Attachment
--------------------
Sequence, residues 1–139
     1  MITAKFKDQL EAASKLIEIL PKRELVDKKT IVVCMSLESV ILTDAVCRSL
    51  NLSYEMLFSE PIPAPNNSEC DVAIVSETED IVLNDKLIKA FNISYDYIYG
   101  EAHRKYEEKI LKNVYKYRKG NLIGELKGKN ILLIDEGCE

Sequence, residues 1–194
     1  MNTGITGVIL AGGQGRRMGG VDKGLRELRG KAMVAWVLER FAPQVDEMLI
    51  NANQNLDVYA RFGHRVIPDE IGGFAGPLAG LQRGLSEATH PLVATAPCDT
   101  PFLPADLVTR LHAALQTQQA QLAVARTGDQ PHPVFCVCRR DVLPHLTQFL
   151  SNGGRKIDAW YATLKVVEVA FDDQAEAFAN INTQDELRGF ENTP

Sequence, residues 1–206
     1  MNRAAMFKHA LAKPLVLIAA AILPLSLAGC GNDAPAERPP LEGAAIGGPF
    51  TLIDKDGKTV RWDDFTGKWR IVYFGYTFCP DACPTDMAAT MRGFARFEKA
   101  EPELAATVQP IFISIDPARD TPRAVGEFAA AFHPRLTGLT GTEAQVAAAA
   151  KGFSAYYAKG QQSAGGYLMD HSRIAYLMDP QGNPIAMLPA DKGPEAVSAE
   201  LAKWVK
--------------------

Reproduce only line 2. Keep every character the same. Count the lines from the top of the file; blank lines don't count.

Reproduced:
     1  MITAKFKDQL EAASKLIEIL PKRELVDKKT IVVCMSLESV ILTDAVCRSL